Whenever you have asynchronous events, you should have an event loop. This doesn't need to be some system default one, like Windows' message loop. You can create your own. But you should be using it.
The whole point about event-based programming is that you are decoupling your code handling to deal with well-defined functional fragments based on these asynchronous events. Without an event loop, you are condemning yourself to interleaving code that get's input and produces output based on poorly defined "states" that are just fragments of procedural code.
Without a well-defined separation of states using an event-based design, code quickly becomes unmanageable. Because code pauses inside procedures to do input tasks, you have lifetimes of objects that will not span entire procedure scopes, and you will begin to write if (nullptr == xx) in various places that access objects created or destroyed based on events. Dispatch becomes comnbinatorially complex because you have different events expected at each input point and no abstraction.
However, simply using an event loop and dispatch to state machines, you've decreased handling complexity to basic management of handlers (O(n) handlers versus O(mn) branch statements with n types of events and m states). You decouple handling but still allow for functionality to change depending on state. But now these states are well-defined using state classes. And new states can be added if the requirements of the product change.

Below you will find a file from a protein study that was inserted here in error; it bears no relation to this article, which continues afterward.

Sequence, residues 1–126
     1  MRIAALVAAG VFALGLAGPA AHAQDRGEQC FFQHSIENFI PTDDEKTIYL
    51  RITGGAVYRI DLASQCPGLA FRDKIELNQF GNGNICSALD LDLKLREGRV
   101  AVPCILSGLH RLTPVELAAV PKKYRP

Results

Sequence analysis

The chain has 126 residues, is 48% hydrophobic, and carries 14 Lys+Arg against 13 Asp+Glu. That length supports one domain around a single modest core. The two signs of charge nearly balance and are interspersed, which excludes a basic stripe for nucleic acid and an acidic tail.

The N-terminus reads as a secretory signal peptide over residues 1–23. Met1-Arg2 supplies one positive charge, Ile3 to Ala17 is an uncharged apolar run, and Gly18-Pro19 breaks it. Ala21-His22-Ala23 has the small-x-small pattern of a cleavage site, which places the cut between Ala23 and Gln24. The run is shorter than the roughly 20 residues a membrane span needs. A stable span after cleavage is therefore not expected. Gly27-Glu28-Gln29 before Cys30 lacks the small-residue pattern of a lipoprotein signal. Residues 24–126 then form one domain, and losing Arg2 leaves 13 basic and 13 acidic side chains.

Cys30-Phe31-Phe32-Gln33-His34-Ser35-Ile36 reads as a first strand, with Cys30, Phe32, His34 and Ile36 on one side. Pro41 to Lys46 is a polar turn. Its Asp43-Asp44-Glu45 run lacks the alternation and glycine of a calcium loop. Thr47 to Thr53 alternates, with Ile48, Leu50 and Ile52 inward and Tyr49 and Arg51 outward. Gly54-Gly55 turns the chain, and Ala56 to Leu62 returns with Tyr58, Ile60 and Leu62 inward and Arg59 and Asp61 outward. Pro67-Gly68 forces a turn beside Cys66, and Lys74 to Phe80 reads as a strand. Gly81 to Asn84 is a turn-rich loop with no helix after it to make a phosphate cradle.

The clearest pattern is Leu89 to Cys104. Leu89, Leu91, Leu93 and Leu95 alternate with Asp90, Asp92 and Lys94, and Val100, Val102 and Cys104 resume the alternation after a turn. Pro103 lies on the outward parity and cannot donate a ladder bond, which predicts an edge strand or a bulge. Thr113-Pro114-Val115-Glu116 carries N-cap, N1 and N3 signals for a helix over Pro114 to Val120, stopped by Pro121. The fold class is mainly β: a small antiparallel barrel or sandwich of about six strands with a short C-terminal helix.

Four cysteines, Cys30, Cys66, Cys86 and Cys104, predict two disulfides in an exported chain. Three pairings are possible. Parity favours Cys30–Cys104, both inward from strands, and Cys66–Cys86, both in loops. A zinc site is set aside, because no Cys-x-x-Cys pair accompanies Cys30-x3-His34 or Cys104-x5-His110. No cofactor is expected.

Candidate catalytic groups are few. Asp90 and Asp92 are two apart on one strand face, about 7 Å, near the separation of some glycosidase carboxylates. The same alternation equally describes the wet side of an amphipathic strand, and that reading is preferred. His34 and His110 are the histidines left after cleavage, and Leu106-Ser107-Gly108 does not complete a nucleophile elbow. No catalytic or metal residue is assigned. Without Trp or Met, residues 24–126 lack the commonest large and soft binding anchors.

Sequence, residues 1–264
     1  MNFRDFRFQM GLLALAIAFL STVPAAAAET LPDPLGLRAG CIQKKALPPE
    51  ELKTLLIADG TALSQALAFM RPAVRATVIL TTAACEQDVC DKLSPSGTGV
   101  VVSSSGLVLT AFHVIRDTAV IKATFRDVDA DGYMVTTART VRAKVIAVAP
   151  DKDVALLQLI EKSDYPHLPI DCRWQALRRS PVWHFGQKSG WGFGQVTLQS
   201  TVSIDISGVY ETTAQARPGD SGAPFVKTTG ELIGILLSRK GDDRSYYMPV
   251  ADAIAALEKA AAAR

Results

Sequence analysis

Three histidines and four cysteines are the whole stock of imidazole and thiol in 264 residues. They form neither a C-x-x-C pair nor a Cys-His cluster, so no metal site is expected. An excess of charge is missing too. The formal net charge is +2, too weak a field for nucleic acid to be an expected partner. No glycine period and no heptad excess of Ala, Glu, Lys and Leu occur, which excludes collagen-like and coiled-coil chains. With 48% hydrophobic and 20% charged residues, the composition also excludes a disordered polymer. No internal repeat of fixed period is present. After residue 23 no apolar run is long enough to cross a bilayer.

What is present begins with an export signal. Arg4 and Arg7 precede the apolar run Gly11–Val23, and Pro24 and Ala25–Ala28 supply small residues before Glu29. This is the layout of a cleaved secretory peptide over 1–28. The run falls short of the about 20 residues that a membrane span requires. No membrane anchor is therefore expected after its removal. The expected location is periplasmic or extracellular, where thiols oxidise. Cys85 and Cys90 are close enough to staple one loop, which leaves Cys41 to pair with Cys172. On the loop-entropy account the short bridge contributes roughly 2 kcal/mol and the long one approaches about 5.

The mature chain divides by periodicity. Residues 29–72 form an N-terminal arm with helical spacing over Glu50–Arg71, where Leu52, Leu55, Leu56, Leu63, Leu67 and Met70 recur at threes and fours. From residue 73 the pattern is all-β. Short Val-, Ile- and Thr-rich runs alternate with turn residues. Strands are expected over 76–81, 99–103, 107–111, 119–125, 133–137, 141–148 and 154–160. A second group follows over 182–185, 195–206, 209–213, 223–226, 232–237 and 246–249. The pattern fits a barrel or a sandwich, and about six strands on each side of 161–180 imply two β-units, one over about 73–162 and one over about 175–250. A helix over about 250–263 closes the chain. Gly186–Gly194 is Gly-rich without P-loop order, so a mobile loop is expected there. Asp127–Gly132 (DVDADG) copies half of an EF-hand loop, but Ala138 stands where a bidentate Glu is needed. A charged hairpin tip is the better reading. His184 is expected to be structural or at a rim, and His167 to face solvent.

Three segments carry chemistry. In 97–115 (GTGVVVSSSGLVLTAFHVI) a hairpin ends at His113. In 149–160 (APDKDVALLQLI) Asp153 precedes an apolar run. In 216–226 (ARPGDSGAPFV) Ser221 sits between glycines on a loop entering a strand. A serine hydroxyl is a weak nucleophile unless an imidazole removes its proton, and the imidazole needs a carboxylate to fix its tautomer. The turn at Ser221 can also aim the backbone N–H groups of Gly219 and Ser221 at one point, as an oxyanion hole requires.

I'm just saying, stop trying to avoid an event loop. It's a software pattern for very important reasons, all of which have to do with producing professional, reusable, scalable code. Use Boost.ASIO or some other framework for cross platform capabilities. Don't get in the habit of doing it wrong just because you think it will be less of an effort. In the end, even if it's not a professional project that needs maintenance long term, you want to practice making your code professional so you can do something with your skills down the line.